Live long and prosper ... but how long?


I bet a lot of SAS users know where the phrase "Live Long and Prosper" comes from ... but can we use SAS software to also help analyze 'how long'? This blog posting shows several different kinds of SAS graphs that can help answer such a question!

Let's start with a map. I recently found an interesting map in an article about overeating. The map showed changes in life expectancy, by geographical region. I created my own version of the map, with a few changes (hopefully improvements!).

In the original map, I saw a lot of comments complaining about the 'regional/area names' that were used, therefore I decided to just leave those names out (and let the coloring of the grouped areas suffice). I also used simpler (just red & green, for bad & good) colors for the selected countries with detailed labels. My version also has mouse-over text for the country names. Click the snapshot below to see my full-size map, with hover-text:


I found another visualization in a New York Times article that used a grid of bubbles to represent life expectancy data. After we added support for alpha-transparent colors in SAS, I was able to create my own version:


And last but not least, what about a bar chart? ...


As you can see, there are many different ways of visually analyzing the same (or in this case similar) data. Each different type of chart, and even subtle variations of the same chart, can help give you more/different insight into your data, and thereby help you understand it better. When you're exploring your data, I encourage you to visualize it in several different ways. And when you want to answer a specific question, select the type of chart that best answers the question.


About Author

Robert Allison

The Graph Guy!

Robert has worked at SAS for over 20 years, and is perhaps the foremost expert in creating custom graphs using SAS/GRAPH. His educational background is in Computer Science, and he holds a BS, MS, and PhD from NC State University. He is the author of several conference papers, has won a few graphic competitions, and has written a book (SAS/GRAPH: Beyond the Basics).


  1. Hi, Rob,

    I am trying to replicate your bubble graph here. But my SAS only allow me to put numeric value on vertical axis. How did you manage to put "classification" variable there?



      • Thanks Rob! In my program, I am using proc gplot, type = bubble. In your code, actually you are "mannully" drawing those bubbles! It is the difference between advanced programmer and beginner:(

        Thanks for sharing the code. I will try to follow your code structure and see what can I get.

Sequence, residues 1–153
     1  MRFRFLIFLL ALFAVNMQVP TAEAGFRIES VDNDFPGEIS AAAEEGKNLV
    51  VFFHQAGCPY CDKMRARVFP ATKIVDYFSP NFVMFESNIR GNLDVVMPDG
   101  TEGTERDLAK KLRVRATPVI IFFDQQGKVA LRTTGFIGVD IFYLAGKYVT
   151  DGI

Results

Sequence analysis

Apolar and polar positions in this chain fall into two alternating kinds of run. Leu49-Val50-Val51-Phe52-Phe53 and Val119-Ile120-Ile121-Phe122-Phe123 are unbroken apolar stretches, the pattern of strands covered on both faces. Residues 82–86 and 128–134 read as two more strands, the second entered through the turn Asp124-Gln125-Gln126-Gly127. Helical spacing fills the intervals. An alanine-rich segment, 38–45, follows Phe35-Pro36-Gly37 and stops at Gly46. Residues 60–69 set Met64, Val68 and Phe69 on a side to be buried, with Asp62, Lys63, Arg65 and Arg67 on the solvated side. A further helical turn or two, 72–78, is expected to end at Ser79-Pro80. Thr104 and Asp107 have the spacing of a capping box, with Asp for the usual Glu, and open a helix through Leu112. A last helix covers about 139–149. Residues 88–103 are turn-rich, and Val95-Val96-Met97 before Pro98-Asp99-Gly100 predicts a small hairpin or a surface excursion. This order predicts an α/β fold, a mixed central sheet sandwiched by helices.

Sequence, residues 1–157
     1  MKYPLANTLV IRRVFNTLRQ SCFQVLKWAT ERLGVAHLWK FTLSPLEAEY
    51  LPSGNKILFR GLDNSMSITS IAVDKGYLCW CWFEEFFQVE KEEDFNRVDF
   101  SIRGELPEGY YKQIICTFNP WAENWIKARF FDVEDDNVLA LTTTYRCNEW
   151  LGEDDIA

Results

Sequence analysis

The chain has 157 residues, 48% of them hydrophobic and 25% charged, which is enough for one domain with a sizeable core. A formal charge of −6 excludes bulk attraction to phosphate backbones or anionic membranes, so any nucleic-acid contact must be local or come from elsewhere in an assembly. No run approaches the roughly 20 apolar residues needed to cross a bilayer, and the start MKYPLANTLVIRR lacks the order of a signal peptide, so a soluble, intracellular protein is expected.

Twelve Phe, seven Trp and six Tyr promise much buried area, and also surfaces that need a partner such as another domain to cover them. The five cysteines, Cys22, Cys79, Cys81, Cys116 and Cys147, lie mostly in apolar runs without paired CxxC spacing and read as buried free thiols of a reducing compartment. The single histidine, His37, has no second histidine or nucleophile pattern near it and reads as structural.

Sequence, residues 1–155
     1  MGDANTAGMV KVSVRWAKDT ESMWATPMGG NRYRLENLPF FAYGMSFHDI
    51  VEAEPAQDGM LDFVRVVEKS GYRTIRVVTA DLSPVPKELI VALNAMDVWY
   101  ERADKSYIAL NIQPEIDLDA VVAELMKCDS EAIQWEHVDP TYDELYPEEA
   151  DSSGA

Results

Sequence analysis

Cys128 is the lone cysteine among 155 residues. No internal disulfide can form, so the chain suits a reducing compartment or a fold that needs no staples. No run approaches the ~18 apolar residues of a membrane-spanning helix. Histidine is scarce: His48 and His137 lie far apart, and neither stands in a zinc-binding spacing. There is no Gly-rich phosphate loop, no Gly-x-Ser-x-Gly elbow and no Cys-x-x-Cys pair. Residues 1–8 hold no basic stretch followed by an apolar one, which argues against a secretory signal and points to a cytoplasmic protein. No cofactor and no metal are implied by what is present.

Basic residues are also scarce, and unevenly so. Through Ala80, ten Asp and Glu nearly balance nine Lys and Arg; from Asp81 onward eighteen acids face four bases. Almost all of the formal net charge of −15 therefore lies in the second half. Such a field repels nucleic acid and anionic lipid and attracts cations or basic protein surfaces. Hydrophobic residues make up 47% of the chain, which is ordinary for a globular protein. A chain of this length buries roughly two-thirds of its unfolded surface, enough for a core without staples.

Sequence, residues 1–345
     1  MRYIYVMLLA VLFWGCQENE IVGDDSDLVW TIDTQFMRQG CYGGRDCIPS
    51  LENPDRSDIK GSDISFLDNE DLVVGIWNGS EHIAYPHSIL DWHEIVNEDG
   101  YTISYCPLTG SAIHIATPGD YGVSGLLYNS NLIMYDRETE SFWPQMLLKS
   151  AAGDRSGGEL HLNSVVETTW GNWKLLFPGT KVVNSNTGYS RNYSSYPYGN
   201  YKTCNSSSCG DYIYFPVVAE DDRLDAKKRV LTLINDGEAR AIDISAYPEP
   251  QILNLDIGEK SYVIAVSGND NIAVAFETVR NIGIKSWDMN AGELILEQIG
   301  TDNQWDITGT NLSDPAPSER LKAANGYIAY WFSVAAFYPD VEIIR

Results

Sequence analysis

• Robert Allison
          Robert Allison on

          Although I used more complex tricks in this particular example, you should be able to use character variables in the vertical axis of a gplot bubble chart. Here is an example...

          goptions device=png;
          proc gplot data=sashelp.class;
          bubble name*height=weight;

          • I can run your code fine. But when I change to my own, Enterprise Guide gives me error, and force me to exit it.

            In EG memu, if you click task->graph->bubble plot, it will have a window ask to choose "task roles". In there, both "vertical" and "vertical right" are limited to numeric values. (please take a look at yours and let me know if it is the same, thanks)

            Now I have found an "work around" for this. I created another numeric variable, assigning value from 1 to 10, corresponding to the classification variable. For example, class A has a value of 1, class B has a value of 2. etc.

            Next step, I create a "SAS format" for the value 1, 2, 3 to be A, B, C. Using this format in proc gplot, it gives me the graph I wanted.

            thanks for your help, Rob!

          • Robert Allison
            Robert Allison on

            I don't use EG, so I can't give a 100% definitive explanation on that ... but my best guess would be that EG defaults to using device=activex, and the SAS activex implementation of gplot does not allow character values on the vertical axis (if I recall correctly). Either that, and/or the EG interface might be making the assumption that the vertical axis cannot be character(?) Since EG allows you to write your own code, I would suggest doing that in this particular case, since it seems to be off of the EG "happy path" (ie, it's not the way EG wants things to be). :)

        • Hi, Rob,
          I changed device to png then it worked. EG defaults to use device activex.

          Another question---when I run your code, I got this error:


          This error appears for every y value exceeds (0,100) boundaries. I changed ysys="2", it still doesn't work. Then I found this site for the explanation:

          seems the range of y coordinates should be greater than 0.

          How did you manage to use negative coodinates in your program?


          • Robert Allison
            Robert Allison on

            Are you saying it doesn't work, or just that it produces an 'error' message in the SAS log? When I annotate, I often use the '1' coordinate system (% of the data area), and use values outside the usual 0-100% range to place labels slightly outside of the graph axes. Even though an 'error' gets written to the SAS log, it still works ... so I just ignore those messages in the log :)

  2. It doesn't work for me. All those negative x y coordinates "text" falls out the picture zone, won't be displayed. Again, I am thinking this is something default in EG? But our organization only uses program in EG. We don't have base SAS installed. I can't add lengend to my graph.

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